Nuclear power may be the key to least-cost, zero-emission electricity systems
[Feb 14, 2022: Natasha Metzler, Carnegie Institution for Science]
Nuclear power generation can play a crucial role in helping countries with low wind resources reach a key goal of zero carbon emissions by the middle of the century. (CREDIT: Getty Images)
Washington, DC—Nuclear power generation can play a crucial role in helping the world reach a key goal of zero carbon emissions by the middle of the century, especially in countries with low wind resources, according to new work in Nature Energy from Lei Duan and Ken Caldeira of the Carnegie’s Department of Global Ecology.
Human activity is spewing carbon pollution into the atmosphere, affecting the global carbon cycle and causing warming, as well as altered precipitation patterns. According to the Intergovernmental Panel on Climate Change, to minimize catastrophic climate impacts, it’s important that humanity work to keep the global mean temperature increase under 1.5 degrees Celsius relative to pre-industrial levels. To achieve this goal, the panel said carbon emissions from across the energy system would have to reach zero by the middle of this century.
“Renewable energy sources like wind and solar are great for reducing carbon-emissions,” Duan said. “However, the wind and sun have natural variation in their availability from day to day, as well as across geographic regions, and this creates complications for total emissions reduction.”
Today, gaps in the energy that wind and solar provide can be made up by power generation from natural gas. However, in a zero-emission electricity system, another way is needed to provide electricity when the sun is not shining, and the wind is not blowing.
Previous studies have shown that curbing 80 percent of carbon emissions can be achieved by ramping up wind and solar power harvesting installations. However, gaps between supply and demand created by this variability in natural resources would require significant infrastructure changes—massive expansions in energy storage and transmission capabilities, as well as in energy generating infrastructure—in order achieve 100 percent curtailment.
“To nail down that last 10 or 20 percent of decarbonization, we need to have more tools in our toolbox, and not just wind and solar,” Caldeira explained.
To assess the possibility of nuclear power to serve this need, Duan and Caldeira, along with Robert Petroski of TerraPower LLC and Lowell Wood of Gates Ventures LLC, investigated the wind and solar resources of 42 countries and used this information to evaluate nuclear power’s ability to provide low-cost energy and replace natural gas as a backup energy source. Their analysis focused on identifying which countries would benefit from exploring nuclear power as an option for their energy suite sooner rather than later.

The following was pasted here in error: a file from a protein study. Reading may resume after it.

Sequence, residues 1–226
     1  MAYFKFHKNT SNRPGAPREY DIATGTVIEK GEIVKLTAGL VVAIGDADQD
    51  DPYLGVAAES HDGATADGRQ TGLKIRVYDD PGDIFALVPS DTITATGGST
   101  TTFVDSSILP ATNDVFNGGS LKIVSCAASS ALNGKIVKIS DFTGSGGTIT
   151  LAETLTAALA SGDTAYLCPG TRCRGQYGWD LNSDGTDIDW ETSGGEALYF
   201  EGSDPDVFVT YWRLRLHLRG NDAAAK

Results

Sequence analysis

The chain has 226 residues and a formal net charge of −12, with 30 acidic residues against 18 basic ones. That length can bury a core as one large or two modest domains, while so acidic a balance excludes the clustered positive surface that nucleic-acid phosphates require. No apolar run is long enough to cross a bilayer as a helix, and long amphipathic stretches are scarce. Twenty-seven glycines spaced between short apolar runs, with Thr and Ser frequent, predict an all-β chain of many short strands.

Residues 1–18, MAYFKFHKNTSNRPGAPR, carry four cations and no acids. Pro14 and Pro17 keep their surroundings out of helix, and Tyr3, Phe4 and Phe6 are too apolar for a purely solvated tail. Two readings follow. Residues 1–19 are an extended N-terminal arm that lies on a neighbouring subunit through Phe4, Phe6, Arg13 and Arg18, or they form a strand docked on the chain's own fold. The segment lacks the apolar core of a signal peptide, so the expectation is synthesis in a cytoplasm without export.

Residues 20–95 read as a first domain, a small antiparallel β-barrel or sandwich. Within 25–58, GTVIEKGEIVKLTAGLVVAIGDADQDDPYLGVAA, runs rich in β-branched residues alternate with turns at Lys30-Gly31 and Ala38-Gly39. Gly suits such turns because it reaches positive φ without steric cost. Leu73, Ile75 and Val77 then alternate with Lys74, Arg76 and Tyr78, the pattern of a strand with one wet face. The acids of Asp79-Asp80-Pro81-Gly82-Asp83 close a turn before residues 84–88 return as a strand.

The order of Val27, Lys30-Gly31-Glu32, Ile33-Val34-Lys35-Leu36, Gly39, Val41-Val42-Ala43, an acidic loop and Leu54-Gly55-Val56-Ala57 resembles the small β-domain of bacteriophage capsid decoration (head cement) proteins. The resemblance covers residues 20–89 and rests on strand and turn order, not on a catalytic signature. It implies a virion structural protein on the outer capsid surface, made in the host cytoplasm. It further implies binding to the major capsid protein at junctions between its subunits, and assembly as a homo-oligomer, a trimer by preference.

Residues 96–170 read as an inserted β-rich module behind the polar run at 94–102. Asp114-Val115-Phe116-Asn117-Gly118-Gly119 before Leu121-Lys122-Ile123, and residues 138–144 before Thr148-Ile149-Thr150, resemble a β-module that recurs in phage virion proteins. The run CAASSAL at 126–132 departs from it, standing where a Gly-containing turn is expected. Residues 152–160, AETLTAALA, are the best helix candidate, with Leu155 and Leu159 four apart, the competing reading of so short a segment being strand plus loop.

They found that in countries such as the U.S., which have the right geographic and climate conditions for generating ample wind power, nuclear would not be deployed until it was needed to get over the last remaining hurdles of decarbonization. But in countries with poorer wind resources, such as Brazil, strategic use of nuclear power could enable a faster transition away from carbon.
“Under strict greenhouse gas emission controls, reliable power generation provided by nuclear power has a lot of potential value in the electricity grid for most nations,” Duan concluded. “Places with poor wind resources can benefit from nuclear earlier in the path to zero emissions, whereas places with very good wind resources would only need it to get rid of the last traces of carbon emissions.”
Added Caldeira: “Our analysis looked at the cheapest way to eliminate carbon dioxide emissions assuming today’s prices. We found that at today’s price, nuclear is the cheapest way to eliminate all electricity-system carbon emissions nearly everywhere. However, if energy storage technologies became very cheap, then wind and solar could potentially be the least-cost path to a zero-emission electricity system.”
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Note: Materials provided above by Carnegie Institution for Science. Content may be edited for style and length.
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